As the older brothers and sister began their working lives things calmed down a bit with the extra money coming in. I remember the Ma’ going into Guiney’s for new Net Curtain material for our parlour window. She’d make them up herself or maybe Granny O’Brien from next door would sew them up for her. You see, having your own parlour and net curtains meant the world to the Ma’ and many other women who had lived in the tenements, it was a little step up the social ladder so to speak. The Ma’s first pair of net curtains were held up with a bit of twine because she had nothing else. And every Saturday we’d all be hauled up like an army of ants to clean the house from top to bottom. The Ma’ had an awful fear of any of us getting sick or getting Polio or that, because a lot of children from where she was born died young from TB. The skirting boards in every room had to be cleaned, the doors had to be scrubber down and the job I always got and hated the most was cleaning the brass door knocker and key hole and there was a little brass wheel in under the weatherboard at the bottom of our hall door that had to be cleaned and polished as well. Now, I used to wonder who would ever see that little wheel, but the Ma’ insisted that it had to be polished.

Most of us older ones left home and went to England to live, some short term and some for a lifetime. And that tended to make things easier all round at home. I remember when the Da’ came home and announced that we were getting two sets of bunk beds delivered in a couple of days, we couldn’t believe it, we were rich at last. I didn’t have to sleep in the same bed with my two brothers now I was seventeen, I was getting a bunk bed all to myself. I remember a couple of years after the 15th baby arrived in our house, the Ma’ wanted to adopt a baby or to even foster one but she was turned down and that broke her heart I can tell you. Gradually and over time things became much more manageable for the Ma’. Then the Da’ retired from his job and the Ma’ decided she was going out to find a job herself, and she did. She loved going out to work and being independent with her own few bob that she earned. She was able to buy herself a new dress and shoes, something that she would never have done years back but now she wanted to reward herself and rightly so.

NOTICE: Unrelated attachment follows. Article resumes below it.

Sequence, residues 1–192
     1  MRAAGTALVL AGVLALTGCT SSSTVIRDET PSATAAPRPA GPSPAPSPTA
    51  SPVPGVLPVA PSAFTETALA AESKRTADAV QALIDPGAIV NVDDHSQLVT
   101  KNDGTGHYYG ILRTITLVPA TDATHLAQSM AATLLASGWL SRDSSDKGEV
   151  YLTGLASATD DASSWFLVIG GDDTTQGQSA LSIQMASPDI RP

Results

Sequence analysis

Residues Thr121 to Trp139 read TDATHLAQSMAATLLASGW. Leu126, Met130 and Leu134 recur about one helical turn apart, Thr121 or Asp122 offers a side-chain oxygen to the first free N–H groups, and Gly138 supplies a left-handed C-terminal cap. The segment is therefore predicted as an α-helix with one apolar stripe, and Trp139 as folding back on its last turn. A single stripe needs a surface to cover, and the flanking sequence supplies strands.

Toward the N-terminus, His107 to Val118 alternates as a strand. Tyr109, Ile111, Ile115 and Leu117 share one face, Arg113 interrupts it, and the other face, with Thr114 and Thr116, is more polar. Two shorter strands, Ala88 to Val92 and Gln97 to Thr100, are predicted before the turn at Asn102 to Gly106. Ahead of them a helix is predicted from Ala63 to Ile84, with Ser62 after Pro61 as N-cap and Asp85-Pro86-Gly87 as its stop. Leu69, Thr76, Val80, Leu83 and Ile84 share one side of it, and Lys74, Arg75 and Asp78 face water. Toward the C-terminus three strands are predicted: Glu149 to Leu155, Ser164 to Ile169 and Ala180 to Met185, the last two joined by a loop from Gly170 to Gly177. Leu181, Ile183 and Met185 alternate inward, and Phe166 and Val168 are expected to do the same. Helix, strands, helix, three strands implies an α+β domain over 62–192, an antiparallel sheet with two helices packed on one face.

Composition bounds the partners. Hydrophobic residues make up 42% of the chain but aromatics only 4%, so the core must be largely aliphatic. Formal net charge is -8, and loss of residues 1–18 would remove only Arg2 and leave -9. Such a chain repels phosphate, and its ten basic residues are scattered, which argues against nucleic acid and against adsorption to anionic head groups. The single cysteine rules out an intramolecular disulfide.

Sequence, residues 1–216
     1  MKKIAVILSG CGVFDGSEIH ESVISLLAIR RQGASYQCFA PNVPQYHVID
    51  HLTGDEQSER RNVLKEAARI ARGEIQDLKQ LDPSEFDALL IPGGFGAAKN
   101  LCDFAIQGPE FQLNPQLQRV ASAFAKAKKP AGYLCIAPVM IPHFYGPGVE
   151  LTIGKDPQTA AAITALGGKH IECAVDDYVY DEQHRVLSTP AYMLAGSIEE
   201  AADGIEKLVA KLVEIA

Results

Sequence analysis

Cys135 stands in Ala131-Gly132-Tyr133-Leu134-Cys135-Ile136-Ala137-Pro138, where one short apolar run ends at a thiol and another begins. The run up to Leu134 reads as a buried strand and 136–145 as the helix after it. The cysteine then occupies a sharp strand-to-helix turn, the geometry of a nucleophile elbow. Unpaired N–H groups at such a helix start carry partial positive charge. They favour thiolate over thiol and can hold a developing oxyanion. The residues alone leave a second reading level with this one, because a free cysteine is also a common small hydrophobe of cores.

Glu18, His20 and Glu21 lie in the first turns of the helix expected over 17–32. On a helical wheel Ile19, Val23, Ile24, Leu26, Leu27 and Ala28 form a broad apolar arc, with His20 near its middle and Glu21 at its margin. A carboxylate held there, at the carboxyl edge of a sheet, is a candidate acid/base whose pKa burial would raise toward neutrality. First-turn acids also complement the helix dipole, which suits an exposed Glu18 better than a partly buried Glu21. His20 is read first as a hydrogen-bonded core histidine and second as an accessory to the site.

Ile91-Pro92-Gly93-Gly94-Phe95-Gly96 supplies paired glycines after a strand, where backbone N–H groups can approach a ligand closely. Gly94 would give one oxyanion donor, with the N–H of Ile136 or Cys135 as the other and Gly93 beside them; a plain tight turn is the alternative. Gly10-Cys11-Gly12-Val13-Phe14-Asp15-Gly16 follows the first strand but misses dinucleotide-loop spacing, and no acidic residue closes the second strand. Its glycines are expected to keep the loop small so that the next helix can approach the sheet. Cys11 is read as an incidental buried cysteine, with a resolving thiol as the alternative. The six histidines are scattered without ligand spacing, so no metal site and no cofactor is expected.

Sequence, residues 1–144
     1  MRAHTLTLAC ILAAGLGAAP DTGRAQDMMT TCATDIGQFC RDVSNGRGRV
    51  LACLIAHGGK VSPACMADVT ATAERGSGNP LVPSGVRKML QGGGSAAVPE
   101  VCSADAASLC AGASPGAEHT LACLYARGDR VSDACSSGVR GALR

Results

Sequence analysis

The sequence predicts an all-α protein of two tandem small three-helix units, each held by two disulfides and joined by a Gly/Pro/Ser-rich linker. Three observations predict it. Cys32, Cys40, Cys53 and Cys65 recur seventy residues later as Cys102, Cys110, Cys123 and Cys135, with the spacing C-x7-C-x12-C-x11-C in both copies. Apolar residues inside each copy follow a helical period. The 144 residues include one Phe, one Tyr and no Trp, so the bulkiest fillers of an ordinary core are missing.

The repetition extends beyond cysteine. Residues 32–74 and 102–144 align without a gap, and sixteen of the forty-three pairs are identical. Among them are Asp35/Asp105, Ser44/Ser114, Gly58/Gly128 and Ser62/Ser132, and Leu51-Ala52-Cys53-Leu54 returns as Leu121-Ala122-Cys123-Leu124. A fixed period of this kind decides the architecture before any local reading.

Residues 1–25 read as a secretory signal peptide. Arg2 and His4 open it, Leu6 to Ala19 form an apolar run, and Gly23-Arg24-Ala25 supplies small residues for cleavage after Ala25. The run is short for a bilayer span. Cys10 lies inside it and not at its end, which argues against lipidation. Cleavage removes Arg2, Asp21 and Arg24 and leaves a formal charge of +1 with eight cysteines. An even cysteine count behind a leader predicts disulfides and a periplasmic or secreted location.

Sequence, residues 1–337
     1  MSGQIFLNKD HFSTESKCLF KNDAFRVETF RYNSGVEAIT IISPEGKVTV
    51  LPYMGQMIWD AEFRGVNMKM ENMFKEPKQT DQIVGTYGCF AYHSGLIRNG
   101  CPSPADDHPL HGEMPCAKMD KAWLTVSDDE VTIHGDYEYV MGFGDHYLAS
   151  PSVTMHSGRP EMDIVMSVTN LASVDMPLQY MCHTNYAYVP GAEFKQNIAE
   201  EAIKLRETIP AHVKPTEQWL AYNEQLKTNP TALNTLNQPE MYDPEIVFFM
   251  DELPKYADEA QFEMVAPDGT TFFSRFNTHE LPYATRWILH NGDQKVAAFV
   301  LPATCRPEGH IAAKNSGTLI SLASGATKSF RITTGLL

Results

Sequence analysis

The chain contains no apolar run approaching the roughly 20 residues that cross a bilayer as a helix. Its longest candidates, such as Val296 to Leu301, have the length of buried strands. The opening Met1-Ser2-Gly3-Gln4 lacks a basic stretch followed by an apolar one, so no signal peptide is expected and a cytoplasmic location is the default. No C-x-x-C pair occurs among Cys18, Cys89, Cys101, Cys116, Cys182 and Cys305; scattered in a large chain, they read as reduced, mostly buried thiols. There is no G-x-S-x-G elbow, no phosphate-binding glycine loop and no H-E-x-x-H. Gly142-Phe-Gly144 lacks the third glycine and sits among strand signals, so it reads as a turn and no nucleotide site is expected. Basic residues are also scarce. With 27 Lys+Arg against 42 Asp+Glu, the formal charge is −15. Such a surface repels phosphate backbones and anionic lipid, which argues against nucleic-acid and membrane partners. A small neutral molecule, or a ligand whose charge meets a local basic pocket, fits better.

The Da’ sometimes worked two or three jobs a week for years to make sure there was enough money to pay the rent and put food on the table for all of us fifteen hungry mouths. Then came the time for the Da’ to say his final farewell to us and the Ma’, she was devastated and heartbroken. She managed day by day until her time too came to join him and leave all of us fifteen little chicks to fend for ourselves. I can tell you here and now that there’s never a day goes by but we don’t think of one or both of them and in any conversation I have with any of my sibling we always bring the Ma’ and Da’ into the story…’